Climate activists block traffic in front of Rijksmuseum in Amsterdam

Police have announced to take traffic delays and nuisance into account for commuters who need to pass through the Stadhouderskade at the Rijksmuseum in Amsterdam as environmental activists have blocked that busy traffic junction, reports NOS

“Our government has been aware of this problem for 30 years and they are continuing to do nothing, so at some point, the time for friendly questions and petitions is over,” says one of the activists from Extinction Rebellion to NOS, the organisation that is behind organising this act of civil disobedience.

The municipality had initially banned this blockade from happening, but the activists want to use ‘civil disobedience’ to bring attention and put pressure on the government. “We use civil disobedience to force the government to do something about the climate,” says a spokesperson for Extinction Rebellion.

There have been some arrests but they don’t seem to be going anywhere – the demonstrators have pitched tents and everything! The police have asked them to move to Museumplein but they have not responded. They want to continue this protest for the whole week and is part of an international campaign. Similar protests are happening in Berlin, Paris, Sydney and London.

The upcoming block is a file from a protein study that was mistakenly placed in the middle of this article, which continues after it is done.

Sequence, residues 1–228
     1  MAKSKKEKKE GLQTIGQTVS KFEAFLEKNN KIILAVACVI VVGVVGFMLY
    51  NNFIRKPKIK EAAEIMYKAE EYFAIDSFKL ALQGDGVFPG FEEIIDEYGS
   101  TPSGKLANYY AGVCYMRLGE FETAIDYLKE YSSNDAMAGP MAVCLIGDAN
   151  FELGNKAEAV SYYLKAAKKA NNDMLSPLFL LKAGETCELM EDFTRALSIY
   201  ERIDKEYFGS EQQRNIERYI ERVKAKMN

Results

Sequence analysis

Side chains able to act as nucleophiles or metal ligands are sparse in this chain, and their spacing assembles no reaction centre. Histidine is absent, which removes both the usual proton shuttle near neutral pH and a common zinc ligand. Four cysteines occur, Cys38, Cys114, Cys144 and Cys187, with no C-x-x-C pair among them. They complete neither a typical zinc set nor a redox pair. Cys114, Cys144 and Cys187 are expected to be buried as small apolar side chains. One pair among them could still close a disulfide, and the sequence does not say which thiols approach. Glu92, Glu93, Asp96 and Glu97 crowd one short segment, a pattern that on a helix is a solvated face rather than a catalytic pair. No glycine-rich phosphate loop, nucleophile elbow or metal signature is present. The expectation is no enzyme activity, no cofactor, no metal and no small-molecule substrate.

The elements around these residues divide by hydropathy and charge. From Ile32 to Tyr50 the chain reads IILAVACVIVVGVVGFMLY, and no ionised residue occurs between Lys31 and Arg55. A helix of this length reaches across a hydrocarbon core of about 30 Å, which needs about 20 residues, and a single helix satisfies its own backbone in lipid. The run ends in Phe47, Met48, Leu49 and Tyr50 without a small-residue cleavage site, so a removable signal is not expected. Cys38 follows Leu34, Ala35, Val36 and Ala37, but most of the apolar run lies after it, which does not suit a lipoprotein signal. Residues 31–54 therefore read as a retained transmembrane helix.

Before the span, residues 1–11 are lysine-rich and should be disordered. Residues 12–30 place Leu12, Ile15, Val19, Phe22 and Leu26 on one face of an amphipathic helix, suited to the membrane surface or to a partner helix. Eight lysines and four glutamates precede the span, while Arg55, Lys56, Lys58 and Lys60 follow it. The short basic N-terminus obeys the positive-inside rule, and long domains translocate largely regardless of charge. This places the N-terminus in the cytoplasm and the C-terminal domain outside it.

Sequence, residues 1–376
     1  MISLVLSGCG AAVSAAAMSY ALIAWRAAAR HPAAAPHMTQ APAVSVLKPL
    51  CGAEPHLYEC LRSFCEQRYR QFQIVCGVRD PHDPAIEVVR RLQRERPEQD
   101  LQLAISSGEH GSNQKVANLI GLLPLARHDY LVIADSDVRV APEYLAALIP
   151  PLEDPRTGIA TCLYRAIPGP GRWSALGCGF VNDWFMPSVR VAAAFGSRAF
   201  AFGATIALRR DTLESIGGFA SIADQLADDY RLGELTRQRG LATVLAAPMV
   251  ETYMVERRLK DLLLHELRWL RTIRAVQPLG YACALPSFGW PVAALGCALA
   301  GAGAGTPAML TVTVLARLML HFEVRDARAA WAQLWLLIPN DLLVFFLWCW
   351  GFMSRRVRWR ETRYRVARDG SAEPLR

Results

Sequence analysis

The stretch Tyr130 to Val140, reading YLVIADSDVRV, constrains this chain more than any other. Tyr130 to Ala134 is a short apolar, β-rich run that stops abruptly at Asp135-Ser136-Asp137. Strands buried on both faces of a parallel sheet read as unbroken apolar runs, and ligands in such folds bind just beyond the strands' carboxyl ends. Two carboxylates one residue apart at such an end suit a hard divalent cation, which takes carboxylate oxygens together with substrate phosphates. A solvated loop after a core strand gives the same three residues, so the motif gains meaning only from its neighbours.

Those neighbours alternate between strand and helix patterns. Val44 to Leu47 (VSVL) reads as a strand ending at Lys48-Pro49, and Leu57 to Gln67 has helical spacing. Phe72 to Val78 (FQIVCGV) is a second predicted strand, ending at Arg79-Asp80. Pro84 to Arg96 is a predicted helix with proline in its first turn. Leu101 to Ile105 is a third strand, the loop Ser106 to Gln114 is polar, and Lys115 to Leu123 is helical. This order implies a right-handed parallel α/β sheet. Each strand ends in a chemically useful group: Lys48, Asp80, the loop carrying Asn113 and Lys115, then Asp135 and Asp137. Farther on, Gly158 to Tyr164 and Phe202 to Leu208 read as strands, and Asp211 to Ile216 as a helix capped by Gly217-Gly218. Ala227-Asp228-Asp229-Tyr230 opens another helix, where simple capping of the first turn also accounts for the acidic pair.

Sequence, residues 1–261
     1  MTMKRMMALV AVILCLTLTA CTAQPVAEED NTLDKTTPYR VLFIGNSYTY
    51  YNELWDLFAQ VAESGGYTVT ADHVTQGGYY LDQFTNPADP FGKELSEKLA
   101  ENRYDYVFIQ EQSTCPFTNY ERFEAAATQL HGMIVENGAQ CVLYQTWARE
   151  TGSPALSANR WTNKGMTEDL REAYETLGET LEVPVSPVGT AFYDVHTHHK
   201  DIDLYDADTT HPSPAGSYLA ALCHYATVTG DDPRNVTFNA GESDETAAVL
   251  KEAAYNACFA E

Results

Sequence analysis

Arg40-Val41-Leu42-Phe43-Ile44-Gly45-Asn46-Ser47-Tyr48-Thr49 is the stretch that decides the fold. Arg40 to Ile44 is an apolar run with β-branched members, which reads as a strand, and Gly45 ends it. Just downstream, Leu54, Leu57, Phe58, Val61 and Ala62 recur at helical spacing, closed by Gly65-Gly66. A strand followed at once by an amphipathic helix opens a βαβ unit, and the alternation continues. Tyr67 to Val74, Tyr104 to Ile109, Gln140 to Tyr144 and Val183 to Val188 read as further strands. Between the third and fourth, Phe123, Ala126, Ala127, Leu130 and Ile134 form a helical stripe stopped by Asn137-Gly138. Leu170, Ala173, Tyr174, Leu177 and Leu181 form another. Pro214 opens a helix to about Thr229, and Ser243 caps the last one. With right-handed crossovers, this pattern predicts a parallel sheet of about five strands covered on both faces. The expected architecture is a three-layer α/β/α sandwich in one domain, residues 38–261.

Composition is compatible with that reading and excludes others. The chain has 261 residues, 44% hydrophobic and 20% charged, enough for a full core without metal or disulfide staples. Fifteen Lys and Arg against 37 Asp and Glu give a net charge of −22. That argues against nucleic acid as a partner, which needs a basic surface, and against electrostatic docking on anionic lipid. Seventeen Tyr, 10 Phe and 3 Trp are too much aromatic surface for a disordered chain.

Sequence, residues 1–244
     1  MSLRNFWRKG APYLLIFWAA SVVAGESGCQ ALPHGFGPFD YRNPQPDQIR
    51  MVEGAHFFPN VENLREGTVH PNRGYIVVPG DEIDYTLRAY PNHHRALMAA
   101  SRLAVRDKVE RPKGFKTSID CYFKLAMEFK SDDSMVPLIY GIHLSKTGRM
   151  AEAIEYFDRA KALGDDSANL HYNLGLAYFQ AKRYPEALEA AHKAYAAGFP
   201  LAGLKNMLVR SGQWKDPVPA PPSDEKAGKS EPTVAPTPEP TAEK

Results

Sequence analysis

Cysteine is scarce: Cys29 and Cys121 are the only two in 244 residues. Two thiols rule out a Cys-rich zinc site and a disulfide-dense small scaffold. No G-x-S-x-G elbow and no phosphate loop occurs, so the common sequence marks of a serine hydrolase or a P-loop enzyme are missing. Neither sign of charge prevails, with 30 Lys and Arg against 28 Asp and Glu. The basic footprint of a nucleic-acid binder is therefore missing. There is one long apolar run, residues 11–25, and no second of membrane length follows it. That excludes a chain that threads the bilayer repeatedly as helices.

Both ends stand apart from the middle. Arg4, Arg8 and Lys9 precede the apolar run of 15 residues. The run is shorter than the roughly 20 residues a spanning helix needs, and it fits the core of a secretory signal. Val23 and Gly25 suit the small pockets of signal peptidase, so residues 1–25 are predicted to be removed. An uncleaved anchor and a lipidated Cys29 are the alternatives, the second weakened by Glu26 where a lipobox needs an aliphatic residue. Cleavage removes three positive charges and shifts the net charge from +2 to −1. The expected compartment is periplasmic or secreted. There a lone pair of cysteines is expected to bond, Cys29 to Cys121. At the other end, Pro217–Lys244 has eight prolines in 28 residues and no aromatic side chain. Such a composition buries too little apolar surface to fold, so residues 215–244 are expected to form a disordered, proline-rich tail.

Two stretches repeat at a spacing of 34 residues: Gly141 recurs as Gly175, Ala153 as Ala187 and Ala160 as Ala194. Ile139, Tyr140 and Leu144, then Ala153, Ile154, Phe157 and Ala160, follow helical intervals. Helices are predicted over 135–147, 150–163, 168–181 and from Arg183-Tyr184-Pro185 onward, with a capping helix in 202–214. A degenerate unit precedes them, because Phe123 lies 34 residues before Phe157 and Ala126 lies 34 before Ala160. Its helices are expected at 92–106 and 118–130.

There won’t be any more activists joining them though – the police have blocked off the area around the Rijksmuseum. So take note commuters – you can’t go through Stadhouderskade, but Museumplein is free of traffic nuisance.

Do you have to go through these areas for your commute? Or are you at the protest? We want to see how it looks, so send us some pictures in the comments below!

Feature Image: merlijn_olnon/Instagram

Kavana Desai
Coping with the aftermath of her 3-year stint in the Netherlands, Kavana is a writer, content creator and editor for DutchReview. Hailing from India, she frequently blogs about the Netherlands, being Indian in the Netherlands, and everything in between. She envisions herself to one day be the youngest person to win that Nobel Prize for Literature (she is also not very humble but welcomes only constructive criticism). In the meantime, she fills her days with writing for DutchReview, writing her master's thesis on art theft, and writing fiction that will hopefully see the light of day soon.


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